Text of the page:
The design responded to this objective by defining a process of wooden prefabrication that allowed the bivouac to be installed in a short time. The modules were built and pre-assembled in the workshop, then transported by helicopter and reassembled on the construction site. The optimisation of weights and shapes made assembly at high altitudes quick and easy and minimised helicopter transport. 


PLACE


The Matteo Corradini bivouac is at a few metres from Dormillouse summit, in the upper Valle di Susa, 2908 mslm. The peak of the Dormillouse is the highest point of the ridge that separates Val Thuras from Cervières Valley, in the Briançonnais area.


The bivouac is mainly for winter and spring: the Val Thuras is a privileged destination for ski mountaineering and the Dormillouse is one of the most popular destinations in the valley. The small pass, chosen as the site for installing the structure, is a panoramic and scenic point ideal for the construction of an emergency shelter that can accommodate the many ski mountaineers and offer support for hikers who, throughout the year, decide to reach the summit after a few hours of walking.


PICTURES 
© Michele Versaci and Andrea Cassi


 


CREDITS


The construction of the bivouac was possible thanks to Paolo and Paola Corradini, with daughters Chiara and Giulia, in loving memory of Matteo.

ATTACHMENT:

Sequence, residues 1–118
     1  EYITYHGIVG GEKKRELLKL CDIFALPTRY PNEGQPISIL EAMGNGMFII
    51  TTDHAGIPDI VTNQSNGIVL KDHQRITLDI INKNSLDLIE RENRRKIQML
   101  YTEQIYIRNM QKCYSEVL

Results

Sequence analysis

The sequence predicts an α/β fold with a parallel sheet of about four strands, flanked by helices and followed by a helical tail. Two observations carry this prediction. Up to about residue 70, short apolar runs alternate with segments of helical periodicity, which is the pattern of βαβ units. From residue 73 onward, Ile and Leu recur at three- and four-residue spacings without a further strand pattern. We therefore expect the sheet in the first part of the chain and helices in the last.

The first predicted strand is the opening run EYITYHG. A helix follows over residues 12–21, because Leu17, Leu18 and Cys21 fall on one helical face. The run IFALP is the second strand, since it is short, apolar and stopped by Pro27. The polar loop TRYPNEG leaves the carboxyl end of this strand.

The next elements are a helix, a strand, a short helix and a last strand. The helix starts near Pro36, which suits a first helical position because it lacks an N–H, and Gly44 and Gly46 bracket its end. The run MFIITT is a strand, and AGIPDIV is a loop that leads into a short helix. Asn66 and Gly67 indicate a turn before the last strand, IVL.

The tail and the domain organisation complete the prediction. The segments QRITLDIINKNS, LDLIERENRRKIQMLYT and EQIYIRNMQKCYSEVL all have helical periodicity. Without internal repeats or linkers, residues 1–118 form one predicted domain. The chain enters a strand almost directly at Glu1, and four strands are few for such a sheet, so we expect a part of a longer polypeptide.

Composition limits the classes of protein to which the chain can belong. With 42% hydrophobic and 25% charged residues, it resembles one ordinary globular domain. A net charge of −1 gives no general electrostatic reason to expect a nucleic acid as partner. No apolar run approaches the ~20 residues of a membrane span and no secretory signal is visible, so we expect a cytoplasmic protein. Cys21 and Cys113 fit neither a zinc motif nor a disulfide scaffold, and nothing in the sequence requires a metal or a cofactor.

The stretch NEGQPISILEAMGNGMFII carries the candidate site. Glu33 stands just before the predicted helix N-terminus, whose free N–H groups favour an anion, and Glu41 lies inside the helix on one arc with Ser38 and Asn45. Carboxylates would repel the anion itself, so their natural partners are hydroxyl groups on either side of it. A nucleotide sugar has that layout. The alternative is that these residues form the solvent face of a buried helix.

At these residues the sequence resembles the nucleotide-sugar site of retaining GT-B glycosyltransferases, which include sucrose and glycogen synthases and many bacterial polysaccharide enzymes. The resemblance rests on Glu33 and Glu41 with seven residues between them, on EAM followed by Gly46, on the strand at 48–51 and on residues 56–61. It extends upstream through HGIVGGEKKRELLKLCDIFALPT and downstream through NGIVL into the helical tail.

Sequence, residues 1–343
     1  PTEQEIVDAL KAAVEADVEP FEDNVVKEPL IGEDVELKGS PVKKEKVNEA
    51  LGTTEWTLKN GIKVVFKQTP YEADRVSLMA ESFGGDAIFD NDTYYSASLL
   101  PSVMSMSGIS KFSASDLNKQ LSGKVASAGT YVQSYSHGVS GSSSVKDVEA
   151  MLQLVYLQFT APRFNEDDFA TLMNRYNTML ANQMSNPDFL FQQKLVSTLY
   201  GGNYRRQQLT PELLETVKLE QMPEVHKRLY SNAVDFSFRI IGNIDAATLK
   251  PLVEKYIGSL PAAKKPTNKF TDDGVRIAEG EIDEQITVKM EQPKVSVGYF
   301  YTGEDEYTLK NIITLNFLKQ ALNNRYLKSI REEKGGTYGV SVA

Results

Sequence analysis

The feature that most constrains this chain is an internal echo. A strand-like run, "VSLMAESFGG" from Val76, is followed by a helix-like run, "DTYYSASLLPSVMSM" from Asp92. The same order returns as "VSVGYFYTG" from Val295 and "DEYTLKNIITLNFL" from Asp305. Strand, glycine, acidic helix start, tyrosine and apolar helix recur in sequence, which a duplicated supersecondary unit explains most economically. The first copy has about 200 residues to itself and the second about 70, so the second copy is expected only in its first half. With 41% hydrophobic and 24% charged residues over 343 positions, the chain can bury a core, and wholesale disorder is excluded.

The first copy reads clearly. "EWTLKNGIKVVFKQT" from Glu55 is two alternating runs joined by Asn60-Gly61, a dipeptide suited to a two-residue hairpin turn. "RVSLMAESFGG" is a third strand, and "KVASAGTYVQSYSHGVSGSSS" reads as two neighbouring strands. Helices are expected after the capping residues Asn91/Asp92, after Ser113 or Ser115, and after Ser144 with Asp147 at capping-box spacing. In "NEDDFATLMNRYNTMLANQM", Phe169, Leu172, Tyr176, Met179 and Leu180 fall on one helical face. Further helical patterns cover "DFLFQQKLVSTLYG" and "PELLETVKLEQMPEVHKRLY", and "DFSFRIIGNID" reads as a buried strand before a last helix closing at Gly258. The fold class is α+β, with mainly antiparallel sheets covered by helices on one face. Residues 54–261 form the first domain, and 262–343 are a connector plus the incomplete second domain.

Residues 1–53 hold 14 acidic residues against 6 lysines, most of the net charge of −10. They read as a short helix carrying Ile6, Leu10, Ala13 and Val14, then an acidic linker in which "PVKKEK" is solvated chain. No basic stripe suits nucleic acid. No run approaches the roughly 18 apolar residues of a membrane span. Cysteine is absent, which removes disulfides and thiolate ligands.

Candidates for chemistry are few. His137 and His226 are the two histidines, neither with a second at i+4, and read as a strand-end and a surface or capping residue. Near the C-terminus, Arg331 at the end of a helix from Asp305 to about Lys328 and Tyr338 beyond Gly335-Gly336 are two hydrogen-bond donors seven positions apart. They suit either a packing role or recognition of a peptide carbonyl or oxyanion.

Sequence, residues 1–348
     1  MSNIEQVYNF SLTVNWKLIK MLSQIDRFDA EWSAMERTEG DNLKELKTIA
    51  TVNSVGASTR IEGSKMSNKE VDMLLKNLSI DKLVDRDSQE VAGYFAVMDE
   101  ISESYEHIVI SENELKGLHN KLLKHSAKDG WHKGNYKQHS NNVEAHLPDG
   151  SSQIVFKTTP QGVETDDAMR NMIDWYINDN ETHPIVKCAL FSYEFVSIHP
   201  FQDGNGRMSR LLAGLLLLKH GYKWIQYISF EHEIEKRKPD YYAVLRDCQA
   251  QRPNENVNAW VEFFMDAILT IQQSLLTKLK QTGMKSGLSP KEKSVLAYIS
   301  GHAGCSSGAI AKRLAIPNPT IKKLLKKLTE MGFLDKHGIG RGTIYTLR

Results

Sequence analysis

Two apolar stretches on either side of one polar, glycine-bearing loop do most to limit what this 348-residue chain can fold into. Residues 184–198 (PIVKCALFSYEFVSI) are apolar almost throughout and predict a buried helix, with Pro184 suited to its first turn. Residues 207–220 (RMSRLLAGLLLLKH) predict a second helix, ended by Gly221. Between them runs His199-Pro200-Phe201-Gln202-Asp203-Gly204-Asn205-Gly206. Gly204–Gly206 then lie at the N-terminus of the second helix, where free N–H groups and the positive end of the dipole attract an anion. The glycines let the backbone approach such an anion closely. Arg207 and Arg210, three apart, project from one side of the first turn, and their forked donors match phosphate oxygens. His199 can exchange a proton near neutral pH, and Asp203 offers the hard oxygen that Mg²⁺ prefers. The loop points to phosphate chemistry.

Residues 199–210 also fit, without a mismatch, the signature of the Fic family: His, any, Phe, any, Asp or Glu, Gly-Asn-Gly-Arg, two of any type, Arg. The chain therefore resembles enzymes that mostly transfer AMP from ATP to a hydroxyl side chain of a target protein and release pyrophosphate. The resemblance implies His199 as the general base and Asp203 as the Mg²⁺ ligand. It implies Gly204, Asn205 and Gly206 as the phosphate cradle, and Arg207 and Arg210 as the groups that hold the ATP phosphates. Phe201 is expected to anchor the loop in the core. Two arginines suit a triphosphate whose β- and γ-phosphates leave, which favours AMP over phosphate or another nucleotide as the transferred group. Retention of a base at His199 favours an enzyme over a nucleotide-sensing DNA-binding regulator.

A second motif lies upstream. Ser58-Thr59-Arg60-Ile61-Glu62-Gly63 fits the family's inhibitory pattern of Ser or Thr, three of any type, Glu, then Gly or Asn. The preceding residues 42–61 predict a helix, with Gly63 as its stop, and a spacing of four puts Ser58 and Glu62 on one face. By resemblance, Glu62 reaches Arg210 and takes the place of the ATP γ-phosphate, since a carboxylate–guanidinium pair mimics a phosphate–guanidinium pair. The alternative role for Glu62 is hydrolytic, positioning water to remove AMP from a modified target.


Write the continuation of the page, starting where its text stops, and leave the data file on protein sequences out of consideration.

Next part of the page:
Thanks are also due to the Municipality of Cesana Torinese.


Design by Andrea Cassi and Michele Versaci,


with Lorenza Bianco (cladding), Luca Giacosa (structures), Secondo Antonio Accotto (geologica report), Fabrizio Carosso and Luca Borello (Abitare – strutture e case in legno)


Execution:


Struttura lignea, casing and assembly: Abitare - wooden structures and houses (Massimo Carosso, Fabrizio Carosso, Luca Borello, Alessia Badellino, Marco Ansalone, Cristian Alexandru Mihai, Viorel Honceriu, Iosif Ionel Mutescu, Iacob Alin Stiorobelea, Andrea Soggia, Marco Soggia, Ciprian Marian Chirila, Tibius Hapaianu, Alessandro Lunardi, Andrea Garizio, Alessandro Sassi, Pier Giorgio Lunardi, Bruno Simone);


Foundations: Edilg (Giorgio Pourpour), Perfor (Fortunato Treve), Begni, Ricardo Ruiz;


Transport: E+S Air srl (Andrea Pellissier, Alessandro Pellissier, Armando Barell).


Monte Dormillouse, July 2019

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    “(...) somewhere to live, when the rest of the world blew up.” Bruce Chatwin, In Patagonia, 1977   BLACK BODY MOUNTAIN SHELTER | BIVOUAC MATTEO CORRADINI A bivouac at high altitude, a few metres from summit Dormillouse (2908 mslm) on the border between Italy and France, in the upper Valle di Susa. The Matteo Corradini bivouac is a black opaque body set in the alpine landscape. An optical device stretching out towards the landscape, installed in but few days with a light...

    Project details
    • Year 2019
    • Work finished in 2019
    • Status Completed works
    • Type Modular/Prefabricated housing / Refuges